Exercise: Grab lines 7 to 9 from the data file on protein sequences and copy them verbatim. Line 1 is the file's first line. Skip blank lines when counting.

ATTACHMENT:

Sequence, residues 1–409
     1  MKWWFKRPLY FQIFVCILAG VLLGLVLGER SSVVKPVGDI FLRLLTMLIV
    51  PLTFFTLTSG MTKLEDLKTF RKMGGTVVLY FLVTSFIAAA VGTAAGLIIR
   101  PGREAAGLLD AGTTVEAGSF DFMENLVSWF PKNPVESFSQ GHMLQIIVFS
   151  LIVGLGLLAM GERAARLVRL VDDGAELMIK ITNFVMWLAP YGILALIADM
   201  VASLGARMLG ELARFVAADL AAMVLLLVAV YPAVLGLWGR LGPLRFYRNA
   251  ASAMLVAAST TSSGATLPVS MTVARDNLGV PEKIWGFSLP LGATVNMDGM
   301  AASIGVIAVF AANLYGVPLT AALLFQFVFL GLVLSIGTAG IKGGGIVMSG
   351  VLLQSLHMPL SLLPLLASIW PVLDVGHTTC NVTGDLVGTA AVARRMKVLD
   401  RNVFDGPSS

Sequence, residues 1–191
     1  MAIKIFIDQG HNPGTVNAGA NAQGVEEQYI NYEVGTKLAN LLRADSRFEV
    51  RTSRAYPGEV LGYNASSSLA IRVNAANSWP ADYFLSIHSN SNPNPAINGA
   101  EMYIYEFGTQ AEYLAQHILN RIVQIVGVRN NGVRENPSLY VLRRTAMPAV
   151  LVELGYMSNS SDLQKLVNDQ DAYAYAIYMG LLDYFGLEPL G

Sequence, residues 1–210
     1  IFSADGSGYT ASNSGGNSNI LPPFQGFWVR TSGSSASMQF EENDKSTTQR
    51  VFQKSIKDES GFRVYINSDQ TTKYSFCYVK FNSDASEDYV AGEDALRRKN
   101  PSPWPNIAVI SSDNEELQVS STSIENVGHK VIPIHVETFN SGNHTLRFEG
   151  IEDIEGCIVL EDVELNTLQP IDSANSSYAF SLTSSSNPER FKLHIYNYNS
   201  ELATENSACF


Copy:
   251  ASAMLVAAST TSSGATLPVS MTVARDNLGV PEKIWGFSLP LGATVNMDGM
   301  AASIGVIAVF AANLYGVPLT AALLFQFVFL GLVLSIGTAG IKGGGIVMSG
   351  VLLQSLHMPL SLLPLLASIW PVLDVGHTTC NVTGDLVGTA AVARRMKVLD